Tuesday, 12 January 2010

Interview with East Riding author Karen Wolfe

Local writer Karen Wolfe’s novels, ‘Seers’ (YouWriteOn, 2008) and ‘Seers’ Moon’ (New Generation Publishing, 2009) begin the series of six comic-fantasy novels featuring the indomitable Granny Beamish. Both are available from Amazon, WHS, Waterstones and Barnes & Noble.

‘Seers’ follows Granny’s battle to save the Guilds from a renegade who’s burning out minds and threatening all that the Guilds hold dear: will Granny’s mindpower be enough to defeat the odious Undermaster Coy (only in it for the sex-toys and the Ceremonial Underpants) and his terrifying, chocoholic control-freak Boss, or will the seers’ heritage be lost forever?
‘Seers’ Moon’ features Kenneth, a man inconvenienced by the moon. As Warg, the were-wimp, he’s running scared from the newly-designated Wolf-Patrol, as well as the pitiless Killer Calhoun, bounty-hunter, who likes pulling the wings off fairies, and will stop at nothing for the ultimate trophy of a werewolf pelt.
Aided by one ageing mongrel, nine stroppy sheep and a couple of hungry griffons, Granny’s really up against it as Warg flees the hunters and that old irresistible moon.

You can find Karen at: http://http://www.hornseadogowners.co.uk/karenwolfe

I caught up with Karen to find out what she’s currently up to, and what’s in the writing pipeline.

Q: There’s a rich vein of humour running through all the Granny Beamish books. How important is this comic element?
KW: Very. My primary purpose is to give my readers a laugh, but I also believe that humour can have a serious underlying message.

Q: In what way?
KW: Mostly by pricking pomposity and illuminating just how fallible we human beings are. Warg/Kenneth’s predicament shows how harshly we judge those who are different, while Warg himself is a metaphor for all hunted animals, and Killer Calhoun represents those who hunt for so-called fun.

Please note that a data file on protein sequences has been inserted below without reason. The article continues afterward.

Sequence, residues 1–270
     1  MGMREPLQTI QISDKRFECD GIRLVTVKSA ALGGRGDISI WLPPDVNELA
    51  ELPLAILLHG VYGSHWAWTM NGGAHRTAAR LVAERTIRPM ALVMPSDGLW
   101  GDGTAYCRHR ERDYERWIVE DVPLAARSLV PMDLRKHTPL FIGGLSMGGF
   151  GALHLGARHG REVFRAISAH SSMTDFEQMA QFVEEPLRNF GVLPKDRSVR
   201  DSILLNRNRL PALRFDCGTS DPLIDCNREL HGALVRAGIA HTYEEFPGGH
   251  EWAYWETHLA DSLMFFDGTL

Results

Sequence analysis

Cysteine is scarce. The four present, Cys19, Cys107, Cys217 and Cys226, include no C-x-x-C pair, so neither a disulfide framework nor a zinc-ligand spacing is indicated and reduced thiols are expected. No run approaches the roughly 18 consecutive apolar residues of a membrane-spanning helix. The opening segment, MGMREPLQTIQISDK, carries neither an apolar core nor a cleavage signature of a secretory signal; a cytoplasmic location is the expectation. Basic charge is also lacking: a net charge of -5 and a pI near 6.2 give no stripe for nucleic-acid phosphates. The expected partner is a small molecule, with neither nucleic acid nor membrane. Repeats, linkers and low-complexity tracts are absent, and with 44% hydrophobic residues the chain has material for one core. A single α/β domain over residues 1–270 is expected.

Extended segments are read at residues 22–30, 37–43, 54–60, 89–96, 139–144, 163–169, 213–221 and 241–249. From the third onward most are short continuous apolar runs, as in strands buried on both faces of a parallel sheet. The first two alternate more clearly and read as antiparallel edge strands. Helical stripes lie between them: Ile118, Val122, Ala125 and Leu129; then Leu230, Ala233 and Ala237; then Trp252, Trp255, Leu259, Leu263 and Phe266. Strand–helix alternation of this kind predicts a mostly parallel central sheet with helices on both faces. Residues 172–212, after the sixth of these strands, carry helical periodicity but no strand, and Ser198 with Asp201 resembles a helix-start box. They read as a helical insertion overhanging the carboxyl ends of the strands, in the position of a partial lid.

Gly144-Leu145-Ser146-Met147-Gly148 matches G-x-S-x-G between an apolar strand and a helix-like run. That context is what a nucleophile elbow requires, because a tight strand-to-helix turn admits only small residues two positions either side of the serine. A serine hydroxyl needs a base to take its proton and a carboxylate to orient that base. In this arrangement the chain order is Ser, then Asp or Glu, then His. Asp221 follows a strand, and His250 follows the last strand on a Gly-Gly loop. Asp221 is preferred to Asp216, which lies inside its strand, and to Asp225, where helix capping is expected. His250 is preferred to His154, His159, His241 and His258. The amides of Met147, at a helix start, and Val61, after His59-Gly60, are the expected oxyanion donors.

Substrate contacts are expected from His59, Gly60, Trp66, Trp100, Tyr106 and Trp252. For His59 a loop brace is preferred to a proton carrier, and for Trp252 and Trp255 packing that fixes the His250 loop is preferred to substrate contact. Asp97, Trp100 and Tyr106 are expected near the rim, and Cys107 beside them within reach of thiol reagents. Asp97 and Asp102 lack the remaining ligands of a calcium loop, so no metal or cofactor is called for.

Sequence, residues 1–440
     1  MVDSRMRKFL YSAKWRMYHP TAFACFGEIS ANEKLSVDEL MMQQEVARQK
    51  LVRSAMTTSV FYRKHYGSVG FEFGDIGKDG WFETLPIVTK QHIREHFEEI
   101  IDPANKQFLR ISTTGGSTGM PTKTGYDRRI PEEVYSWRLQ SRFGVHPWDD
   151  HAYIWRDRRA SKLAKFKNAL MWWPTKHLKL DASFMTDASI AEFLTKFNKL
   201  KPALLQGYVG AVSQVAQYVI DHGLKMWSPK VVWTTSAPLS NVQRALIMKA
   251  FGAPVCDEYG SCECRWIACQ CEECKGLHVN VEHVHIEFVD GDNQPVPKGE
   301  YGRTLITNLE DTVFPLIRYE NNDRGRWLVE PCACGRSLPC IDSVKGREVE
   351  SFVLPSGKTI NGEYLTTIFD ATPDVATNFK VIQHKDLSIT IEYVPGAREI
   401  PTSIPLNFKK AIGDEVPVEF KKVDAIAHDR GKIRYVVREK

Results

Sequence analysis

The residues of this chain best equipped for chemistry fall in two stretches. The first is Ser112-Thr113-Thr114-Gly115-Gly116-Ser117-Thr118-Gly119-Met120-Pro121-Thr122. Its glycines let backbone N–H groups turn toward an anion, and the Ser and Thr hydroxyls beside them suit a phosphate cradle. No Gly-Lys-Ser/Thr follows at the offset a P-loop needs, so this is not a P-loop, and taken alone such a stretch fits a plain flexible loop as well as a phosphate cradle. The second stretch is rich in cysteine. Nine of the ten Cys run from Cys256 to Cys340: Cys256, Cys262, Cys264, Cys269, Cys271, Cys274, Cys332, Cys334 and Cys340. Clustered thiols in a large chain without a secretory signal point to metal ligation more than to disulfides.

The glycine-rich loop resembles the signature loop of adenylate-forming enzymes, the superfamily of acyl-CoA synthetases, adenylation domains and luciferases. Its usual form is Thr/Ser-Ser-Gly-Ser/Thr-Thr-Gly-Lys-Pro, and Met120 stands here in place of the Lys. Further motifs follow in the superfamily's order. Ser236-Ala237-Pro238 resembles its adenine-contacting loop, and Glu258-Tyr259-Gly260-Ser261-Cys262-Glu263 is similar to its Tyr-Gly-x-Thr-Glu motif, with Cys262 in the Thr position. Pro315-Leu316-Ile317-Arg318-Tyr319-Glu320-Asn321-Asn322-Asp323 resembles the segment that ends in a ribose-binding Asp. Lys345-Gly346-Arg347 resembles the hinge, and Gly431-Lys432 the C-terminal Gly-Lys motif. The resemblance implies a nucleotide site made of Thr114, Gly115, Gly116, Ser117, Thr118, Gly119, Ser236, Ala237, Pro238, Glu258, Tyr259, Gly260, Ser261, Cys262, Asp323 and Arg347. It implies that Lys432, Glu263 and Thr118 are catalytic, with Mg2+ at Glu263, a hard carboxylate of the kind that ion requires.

Q: So is Granny’s an alternative world?
KW: Yes and no. It’s all about suspending disbelief: might there be telepaths in our communities and unicorns and other mythological beasts existing amongst us? I’d like to think so. After all, apart from their telepathic abilities, seers are just people, with all that being human entails.

Q: Where did Granny Beamish spring from?
KW: She started as a short-story character and evolved from there. I’ve always liked an iconoclast, and I thought she had great comedy mayhem potential!

Q: Quite a lot of the ‘Seers’ and ‘Seers’ Moon’ characters are of pensionable age. Is this deliberate?
KW: Yes. I’ve always loved the concept of elderly hooligans! I also wanted to show that older people can be wiser, funnier and more rounded (personally as well as physically!) than the inexperienced young. If readers find themselves batting for Granny, Mariander, et al, then I’ve succeeded!

Q: You've been writing for many years. Any advice for aspiring writers?
KW: Never give up, and never throw anything away. I had my first Radio 4 broadcast with a short story that had languished in a drawer for 16 years! Oh, and do join a good writers’ group for support and encouragement.

Q: So what are you currently working on?
KW: Well, apart from the 4 Grannies waiting in the wings, I’m right in the middle of a second (yes, humorous again) crime-novel (with dogs!) and I’ve also completed a how-to book for the hapless dog-owner. And I have to say that, succeed or fail, I’ve loved every bit of the creative process down the years, and I’d do it all again tomorrow.


  1. A very warm and inspiring interview. I'm partway into "Seer's Moon" at the moment and can vouch for its humour. Well done.


  2. I've read both books and thoroughly enjoyed them.Looking forward to more from the unique pen wielded by Karen Wolfe. I love a book with a good story that has me laughing out loud.